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China pushes supercomputing goal despite US curbs



China is expected to complete the construction of a site in Shenzhen for its third exascale supercomputer in 2025, aiming to show its determination to bypass the United States’s sanctions. 

An exascale supercomputer is more than a million times faster than the US Department of Energy (DOE)’s Intel ASCI Red supercomputer, which was launched in 1996 with a speed of 1.06 teraflops. “Exa” means 18 zeros while “tera” means 12 zeros.

The US currently has two exascale machines: the Frontier at the Oak Ridge Leadership Computing Facility in Tennessee and DOE’s Aurora at Argonne National Laboratory in Illinois. Frontier is the world’s fastest supercomputer with a peak speed of 1.68 exaflops.

China also has two exascale supercomputers: Sunway TaihuLight at the National Supercomputing Centre (NSC) in Wuxi and Tianhe-3 at the NSC in Tianjin. One more prototype exascale system is based in the NSC in Shenzhen.

Jack Dongarra, a winner of the Turing Award in 2022 and a co-editor of the Top500 List, told the South China Morning Post on September 14 that all three exascale supercomputers in China may already be up and running in China. 

He said China may exceed all countries in terms of supercomputing power but the country stays low-profile to avoid more US sanctions. 


His comments have drawn a lot of attention from hardware fans and technology columnists. 

Tom’s Hardware, a digital media company, published an article headlined, “China may have unmatched supercomputer abilities, third exascale machines apparently online.” 

Citing the SCMP report, the writer of the article says there is an open question of whether the US has achieved its goal of restricting China’s ability to catch up to it technologically and economically.

Ou Hanzhong, a Chinese technology writer, says China’s third exascale supercomputer has already commenced operation, meaning that the US sanctions failed to suppress China but instead pushed the country to boost its research and development. 

However, according to public information, no evidence showed that China’s third exascale machine has been online. State media said the construction of the phase two facility of the NSC in Shenzhen, which will accommodate a two-exaflops supercomputer, has just started last November and will be completed in 2025. 

Feng Shengzhong, director of the NSC in Shenzhen, said in April 2020 that after the completion of the second-phase project, the center could boost its computing power by 1,000 times and become the city’s brain to serve different sectors.

US sanctions

In February 2015, the US Commerce Department added China’s National University of Defense Technology and the NSCs in Changsha, Guangzhou and Tianjin to its entity list. 


It said the Tianhe–1A and Tianhe–2 supercomputers, in Tianjin and Guangzhou, respectively, were used in research about nuclear explosive activities. In the same year, it banned Intel from selling microprocessors for China’s supercomputers. At that time, Tianhe–2 was dubbed the world’s fastest supercomputer. 

In 2016, Sunway Microelectronics, a fabless chipmaker in China, launched the SW26010 processor, which uses Alpha architecture and is a 28nm chip made by the Semiconductor Manufacturing International Corp (SMIC). 

Separately, Tianjin Phytium Information Technology, another fabless chipmaker, in 2017 launched the FT2000 processor, which uses ARM architecture and is a 16nm chip made by the Taiwan Semiconductor Manufacturing Co (TSMC).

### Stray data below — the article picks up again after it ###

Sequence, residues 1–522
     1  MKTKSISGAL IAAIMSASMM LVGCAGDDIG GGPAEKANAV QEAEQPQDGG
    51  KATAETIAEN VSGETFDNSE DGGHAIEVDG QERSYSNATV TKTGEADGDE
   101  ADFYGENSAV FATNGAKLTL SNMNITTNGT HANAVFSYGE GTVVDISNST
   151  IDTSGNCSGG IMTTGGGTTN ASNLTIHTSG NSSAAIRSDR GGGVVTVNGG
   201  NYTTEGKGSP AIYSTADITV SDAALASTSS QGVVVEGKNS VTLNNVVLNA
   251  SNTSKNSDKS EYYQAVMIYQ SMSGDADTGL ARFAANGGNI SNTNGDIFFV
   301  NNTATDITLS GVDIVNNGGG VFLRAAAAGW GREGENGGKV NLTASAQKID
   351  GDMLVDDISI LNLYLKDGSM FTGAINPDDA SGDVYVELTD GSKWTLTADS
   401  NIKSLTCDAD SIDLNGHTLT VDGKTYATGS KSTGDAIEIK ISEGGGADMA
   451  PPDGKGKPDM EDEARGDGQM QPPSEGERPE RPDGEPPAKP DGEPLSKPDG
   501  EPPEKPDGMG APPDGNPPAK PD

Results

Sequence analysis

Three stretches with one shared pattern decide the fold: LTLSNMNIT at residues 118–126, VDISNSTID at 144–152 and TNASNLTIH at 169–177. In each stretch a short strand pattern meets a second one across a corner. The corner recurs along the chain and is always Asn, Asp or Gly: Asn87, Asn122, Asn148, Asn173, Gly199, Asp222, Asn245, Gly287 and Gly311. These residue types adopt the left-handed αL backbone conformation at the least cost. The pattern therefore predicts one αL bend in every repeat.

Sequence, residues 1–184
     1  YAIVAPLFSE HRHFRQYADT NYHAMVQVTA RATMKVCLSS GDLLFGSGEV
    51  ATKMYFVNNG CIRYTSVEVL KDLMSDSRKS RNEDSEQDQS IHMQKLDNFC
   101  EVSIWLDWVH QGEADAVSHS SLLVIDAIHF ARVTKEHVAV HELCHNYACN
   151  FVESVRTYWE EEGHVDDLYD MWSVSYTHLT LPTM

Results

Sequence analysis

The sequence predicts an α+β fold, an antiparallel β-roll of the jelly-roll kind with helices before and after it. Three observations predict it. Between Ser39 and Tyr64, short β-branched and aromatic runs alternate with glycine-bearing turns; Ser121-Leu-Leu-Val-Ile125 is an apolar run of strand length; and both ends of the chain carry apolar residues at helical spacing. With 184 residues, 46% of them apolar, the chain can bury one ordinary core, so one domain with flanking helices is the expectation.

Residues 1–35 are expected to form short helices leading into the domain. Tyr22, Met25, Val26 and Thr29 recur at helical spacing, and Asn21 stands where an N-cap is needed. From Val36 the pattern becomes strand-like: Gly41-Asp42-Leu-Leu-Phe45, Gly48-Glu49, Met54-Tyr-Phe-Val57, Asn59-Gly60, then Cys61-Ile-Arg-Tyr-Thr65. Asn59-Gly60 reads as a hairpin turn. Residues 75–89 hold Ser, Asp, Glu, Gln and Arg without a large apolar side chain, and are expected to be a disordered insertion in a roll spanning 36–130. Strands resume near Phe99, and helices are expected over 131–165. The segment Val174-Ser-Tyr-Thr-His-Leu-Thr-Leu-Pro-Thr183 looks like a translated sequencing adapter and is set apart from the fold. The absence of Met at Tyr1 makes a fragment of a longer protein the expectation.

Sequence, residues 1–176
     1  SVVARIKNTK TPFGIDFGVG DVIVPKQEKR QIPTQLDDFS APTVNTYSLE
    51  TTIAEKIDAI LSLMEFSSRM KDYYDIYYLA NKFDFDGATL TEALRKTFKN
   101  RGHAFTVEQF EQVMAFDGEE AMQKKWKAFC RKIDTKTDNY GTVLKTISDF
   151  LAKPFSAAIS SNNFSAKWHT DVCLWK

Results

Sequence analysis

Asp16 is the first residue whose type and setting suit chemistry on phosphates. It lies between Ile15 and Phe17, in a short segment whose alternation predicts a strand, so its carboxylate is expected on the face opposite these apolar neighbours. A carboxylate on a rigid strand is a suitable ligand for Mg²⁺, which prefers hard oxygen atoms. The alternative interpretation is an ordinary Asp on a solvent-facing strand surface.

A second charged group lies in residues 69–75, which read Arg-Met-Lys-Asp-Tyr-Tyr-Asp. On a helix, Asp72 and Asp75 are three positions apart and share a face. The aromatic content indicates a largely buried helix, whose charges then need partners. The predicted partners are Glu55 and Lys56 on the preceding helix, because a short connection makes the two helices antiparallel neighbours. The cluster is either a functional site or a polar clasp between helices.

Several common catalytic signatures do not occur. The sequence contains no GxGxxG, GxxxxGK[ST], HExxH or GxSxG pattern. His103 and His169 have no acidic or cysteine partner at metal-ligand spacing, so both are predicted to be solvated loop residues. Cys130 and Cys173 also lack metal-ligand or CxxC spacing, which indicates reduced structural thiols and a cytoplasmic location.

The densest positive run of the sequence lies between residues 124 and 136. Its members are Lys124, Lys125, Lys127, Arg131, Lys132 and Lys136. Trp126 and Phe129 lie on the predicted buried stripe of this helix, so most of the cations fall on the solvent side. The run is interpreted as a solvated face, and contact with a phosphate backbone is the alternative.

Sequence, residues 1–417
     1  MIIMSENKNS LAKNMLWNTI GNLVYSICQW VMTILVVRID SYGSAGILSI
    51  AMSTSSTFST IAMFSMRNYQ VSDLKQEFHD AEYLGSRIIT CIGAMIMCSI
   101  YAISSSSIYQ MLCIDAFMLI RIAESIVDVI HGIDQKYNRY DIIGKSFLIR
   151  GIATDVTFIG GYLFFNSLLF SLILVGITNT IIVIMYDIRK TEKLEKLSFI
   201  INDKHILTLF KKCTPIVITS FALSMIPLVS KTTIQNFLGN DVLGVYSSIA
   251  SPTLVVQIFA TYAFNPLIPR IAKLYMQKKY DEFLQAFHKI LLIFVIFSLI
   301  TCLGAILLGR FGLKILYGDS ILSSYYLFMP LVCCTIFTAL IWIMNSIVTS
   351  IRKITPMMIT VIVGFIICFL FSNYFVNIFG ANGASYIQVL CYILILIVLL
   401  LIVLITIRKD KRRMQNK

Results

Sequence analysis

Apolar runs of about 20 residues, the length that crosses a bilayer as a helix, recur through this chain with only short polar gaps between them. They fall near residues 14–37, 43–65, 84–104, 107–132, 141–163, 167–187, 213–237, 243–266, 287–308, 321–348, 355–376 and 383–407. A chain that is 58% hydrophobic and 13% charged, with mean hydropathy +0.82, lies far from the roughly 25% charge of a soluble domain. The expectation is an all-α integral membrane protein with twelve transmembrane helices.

Both Sunway and Tianjin Phytium, together with the NSCs in Jinan, Shenzhen, Wuxi and Zhenghou and the Shanghai High-Performance Integrated Circuit Design Center, were sanctioned by the US in April 2021. 

This could not stop the two Chinese supercomputers – Sunway TaihuLight and Tianhe-3, which used the SW26010 and FT2000 processors, respectively – from passing the one-exaflop mark in 2021, according to the Gordon Bell Prize. The duo did not seek ranking on the Top500 List.

David Kahaner, founder of the Asian Technology Information Program, said in 2021 that the NSC in Shenzhen had selected Chinese company Sugon, or Dawning Information Industry Co, to develop a two-exaflops system for installation in 2022 but the project has been delayed. 

Kahaner told the Financial Times in May last year that China planned to have 10 exascale systems by 2025. He said the US should consider loosening its sanctions against the NSC in Wuxi in the hope of a “deeper glimpse” into China’s supercomputing systems.


Sanctions against Sugon 

In 2010, a Chinese supercomputer called Nebulae at the NSC in Shenzhen won the title of the world’s fastest supercomputer with a speed of 1.27 petaflops (“Peta” means 15 zeros.)  It was built by Sugon with Intel Xeon X5650 processors and Nvidia Tesla C2050 GPUs. 

After Sugon delivered a prototype exascale system to the NSCs in Shenzhen and Shanghai in October 2018, it was sanctioned by the US Commerce Department in June 2019 and by the US Treasury Department in December 2021.

The company said in June 2019 that its purchases of US products had been seriously affected by the curbs. 

Since then, it has shifted to using Hygon and Loongson processors. Media reports said Hygon’s X86 processor is a 14nm chip made by Samsung and GlobalFoundries while Loongson’s 3A5000 processor, which uses the company’s own architecture, is a 12nm chip made by TSMC. 

Some technology columnists said that although Chinese supercomputers can continue to source 12-28nm chips, they won’t be able to cut power consumption if they don’t have smaller processors. They said global peers are mainly using 4-7nm chips. They said the use of Chinese supercomputers will be hindered by their high operating costs.

Read: China, India race for 1,000-qubit quantum computers

Follow Jeff Pao on Twitter at @jeffpao3


Source: Asia Times

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